For the developers: just out of curiosity, how do you guys design the IF Aircraft? Are they programmed to fly a certain way (whether it be in IF or elsewhere, hypothetically speaking), or are the models simply designed to fly in the IF Atmospheric environment (that is, if you took it out of the IF environement, would it fly differently?)? I’m curious to know how much of what I’m flying is truly physics-based and how much is more or less “programmed in”.
I think, thought this could be entirely wrong, they use aircraft lookup tables which contain the behavior for the aircraft at a given speed or alt etc, and then interpolate the data to give [reasonably] accurate flight physics. This is used by the majority of flight Sims. The other method is calculating the lift, drag, etc using algorithms, which is the approach X-Plane takes, but this is trickier and can result in unexpected and unrealistic results during edge experiences (e.g stall). This may be all wrong.
They first establish a base of the new aircraft’s physics from an older one. Say, it was the A318 for the Dash8. They get certain flight parameters and interpolate as Kelly said. They get data for multiple stages of flight.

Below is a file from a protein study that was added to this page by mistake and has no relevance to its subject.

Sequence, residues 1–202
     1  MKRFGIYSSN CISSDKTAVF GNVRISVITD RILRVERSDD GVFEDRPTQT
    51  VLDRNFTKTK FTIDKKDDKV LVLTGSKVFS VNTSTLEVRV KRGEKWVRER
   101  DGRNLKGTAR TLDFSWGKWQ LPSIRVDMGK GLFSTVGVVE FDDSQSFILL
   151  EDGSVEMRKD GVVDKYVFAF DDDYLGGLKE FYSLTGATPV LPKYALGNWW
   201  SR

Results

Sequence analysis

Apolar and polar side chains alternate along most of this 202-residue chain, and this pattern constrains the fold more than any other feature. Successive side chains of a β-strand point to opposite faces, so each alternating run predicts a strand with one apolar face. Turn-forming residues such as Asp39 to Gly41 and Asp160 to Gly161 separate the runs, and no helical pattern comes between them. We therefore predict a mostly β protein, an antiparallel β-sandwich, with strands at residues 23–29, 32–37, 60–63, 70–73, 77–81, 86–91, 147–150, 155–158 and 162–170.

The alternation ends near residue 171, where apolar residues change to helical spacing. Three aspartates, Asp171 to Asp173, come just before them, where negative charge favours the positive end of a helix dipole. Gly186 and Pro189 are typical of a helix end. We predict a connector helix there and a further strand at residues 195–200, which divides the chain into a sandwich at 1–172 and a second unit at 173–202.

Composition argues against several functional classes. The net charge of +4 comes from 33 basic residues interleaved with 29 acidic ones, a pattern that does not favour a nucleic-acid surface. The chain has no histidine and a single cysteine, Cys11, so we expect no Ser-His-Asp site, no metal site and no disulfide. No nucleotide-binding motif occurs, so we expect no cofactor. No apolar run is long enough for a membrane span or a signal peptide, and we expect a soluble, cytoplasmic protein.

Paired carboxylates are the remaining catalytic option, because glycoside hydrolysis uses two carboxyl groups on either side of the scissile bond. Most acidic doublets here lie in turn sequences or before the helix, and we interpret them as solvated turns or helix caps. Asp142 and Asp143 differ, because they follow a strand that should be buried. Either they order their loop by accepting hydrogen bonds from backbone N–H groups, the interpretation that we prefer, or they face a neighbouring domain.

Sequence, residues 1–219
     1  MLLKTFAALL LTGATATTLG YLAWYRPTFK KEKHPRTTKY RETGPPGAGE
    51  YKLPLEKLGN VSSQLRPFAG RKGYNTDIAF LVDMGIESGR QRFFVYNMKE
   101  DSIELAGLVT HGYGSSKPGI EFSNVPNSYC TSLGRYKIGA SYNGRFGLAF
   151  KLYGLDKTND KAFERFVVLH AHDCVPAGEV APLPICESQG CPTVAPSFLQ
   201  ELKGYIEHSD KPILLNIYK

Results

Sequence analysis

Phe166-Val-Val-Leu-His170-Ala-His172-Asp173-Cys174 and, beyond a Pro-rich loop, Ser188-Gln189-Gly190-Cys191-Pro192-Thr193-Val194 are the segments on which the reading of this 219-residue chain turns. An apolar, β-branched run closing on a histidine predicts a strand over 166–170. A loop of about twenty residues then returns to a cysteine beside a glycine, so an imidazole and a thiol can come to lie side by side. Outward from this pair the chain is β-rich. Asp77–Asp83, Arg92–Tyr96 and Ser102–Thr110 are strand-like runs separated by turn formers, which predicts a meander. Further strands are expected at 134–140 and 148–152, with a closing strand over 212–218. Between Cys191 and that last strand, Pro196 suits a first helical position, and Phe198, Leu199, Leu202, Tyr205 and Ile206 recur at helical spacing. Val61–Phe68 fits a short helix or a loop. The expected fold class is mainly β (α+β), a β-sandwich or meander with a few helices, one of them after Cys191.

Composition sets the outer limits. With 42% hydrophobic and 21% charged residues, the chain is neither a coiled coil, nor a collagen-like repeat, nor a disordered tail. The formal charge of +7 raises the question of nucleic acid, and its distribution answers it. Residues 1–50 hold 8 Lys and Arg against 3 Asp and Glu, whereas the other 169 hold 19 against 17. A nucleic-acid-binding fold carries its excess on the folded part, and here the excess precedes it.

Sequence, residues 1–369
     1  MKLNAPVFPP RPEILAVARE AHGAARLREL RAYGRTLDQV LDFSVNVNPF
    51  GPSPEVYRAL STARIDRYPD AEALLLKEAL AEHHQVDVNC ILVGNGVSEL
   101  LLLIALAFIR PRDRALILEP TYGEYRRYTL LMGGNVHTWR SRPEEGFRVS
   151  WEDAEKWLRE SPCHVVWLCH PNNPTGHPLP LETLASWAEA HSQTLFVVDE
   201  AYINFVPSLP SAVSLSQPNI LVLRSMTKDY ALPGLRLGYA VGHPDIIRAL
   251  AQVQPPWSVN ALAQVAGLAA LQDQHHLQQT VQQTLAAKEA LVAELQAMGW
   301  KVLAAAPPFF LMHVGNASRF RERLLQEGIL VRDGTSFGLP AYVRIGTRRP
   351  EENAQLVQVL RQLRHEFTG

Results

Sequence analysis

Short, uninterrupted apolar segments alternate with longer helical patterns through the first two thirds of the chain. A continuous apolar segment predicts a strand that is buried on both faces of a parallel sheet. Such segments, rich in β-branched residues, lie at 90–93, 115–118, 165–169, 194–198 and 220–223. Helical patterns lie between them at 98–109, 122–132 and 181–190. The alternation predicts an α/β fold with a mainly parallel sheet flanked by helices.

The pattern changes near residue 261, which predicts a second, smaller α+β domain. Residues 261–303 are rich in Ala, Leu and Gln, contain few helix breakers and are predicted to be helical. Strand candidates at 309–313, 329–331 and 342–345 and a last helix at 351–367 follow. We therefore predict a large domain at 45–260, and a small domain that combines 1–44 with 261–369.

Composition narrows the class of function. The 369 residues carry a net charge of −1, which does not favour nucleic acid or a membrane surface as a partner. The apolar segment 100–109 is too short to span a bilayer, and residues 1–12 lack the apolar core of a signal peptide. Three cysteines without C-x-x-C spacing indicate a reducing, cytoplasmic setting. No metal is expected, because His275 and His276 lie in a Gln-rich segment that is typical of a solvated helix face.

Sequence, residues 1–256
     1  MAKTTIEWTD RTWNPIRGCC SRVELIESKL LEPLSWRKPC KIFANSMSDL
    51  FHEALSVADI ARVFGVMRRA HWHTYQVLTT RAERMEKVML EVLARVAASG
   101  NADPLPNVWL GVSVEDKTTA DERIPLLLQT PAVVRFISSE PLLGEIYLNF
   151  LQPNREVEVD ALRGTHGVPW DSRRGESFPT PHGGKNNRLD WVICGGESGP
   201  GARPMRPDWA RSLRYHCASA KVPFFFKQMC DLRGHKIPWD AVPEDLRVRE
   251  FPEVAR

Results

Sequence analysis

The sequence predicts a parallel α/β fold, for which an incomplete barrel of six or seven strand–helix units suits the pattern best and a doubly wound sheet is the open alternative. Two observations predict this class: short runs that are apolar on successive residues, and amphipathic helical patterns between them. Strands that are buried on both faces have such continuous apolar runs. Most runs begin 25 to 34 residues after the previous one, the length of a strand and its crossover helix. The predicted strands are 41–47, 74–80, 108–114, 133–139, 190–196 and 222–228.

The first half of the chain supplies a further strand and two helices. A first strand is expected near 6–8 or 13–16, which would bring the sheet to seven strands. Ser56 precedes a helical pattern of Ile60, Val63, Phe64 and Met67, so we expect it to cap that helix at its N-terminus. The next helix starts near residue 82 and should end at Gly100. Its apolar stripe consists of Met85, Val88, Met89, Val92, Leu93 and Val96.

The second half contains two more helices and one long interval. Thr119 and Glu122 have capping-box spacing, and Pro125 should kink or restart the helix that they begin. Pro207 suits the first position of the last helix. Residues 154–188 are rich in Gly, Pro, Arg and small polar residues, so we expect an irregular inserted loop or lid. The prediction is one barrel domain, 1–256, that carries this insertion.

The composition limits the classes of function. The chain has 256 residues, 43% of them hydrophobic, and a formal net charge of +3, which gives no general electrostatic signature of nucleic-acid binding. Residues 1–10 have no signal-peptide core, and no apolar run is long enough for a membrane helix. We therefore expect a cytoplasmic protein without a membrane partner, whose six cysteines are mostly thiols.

Might not be 💯
But how can this be tested by real world pilots? Flying a 777 with an yoke feels way different from flying your 500-ish gram IPad.
I believe when you calibrate your device it is the same as when the yoke or joystick is in the base position of the aircraft. Like if you tilt your device say 1 degree forward then it would probably be the same as the yoke or joystick being moved forward 1 degree.
Not sure though so🤷♂️
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